Restructuring the Electricity Sector and Promoting Green Growth in Japan [E-Book] / Randall Jones and Myungkyoo Kim
Jones, Randall.
Kim, Myungkyoo.
Paris : OECD Publishing, 2013
28 p. ; 21 x 29.7cm.
englisch
10.1787/5k43nxrhfjtd-en
OECD Economics Department Working Papers ; 1069
Nuclear Energy
Economics
Environment
Energy
Japan
Full Text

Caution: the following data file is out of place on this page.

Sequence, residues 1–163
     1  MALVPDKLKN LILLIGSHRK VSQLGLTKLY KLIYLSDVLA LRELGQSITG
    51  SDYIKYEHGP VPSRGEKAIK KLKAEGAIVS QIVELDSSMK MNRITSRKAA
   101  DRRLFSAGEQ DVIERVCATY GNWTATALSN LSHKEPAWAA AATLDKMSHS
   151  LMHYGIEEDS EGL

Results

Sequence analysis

The 2011 disaster and nuclear problems opened the door to a new energy policy, as they raised fundamental questions about the electricity system’s ability to prevent and respond to accidents. In particular, the system has had difficulty coping with the shortages caused by the accident and the suspension of operations of nuclear power plants. Addressing these problems requires creating a more competitive electricity sector by reducing the dominance of the ten regional monopolies through ownership unbundling of generation and transmission and by expanding the wholesale market. It is also important to increase interconnection capacity, while introducing real-time pricing. The reduced role of nuclear power following the Fukushima accident makes it necessary to accelerate the expansion of renewable energy, which requires setting a sufficiently high and consistent price for carbon. Finally, the government should ensure the independence of the new Nuclear Regulatory Agency and create an independent regulator for the electricity sector to promote competition. This Working Paper relates to the 2013 OECD Economic Survey of Japan (www.oecd.org/eco/surveys/japan)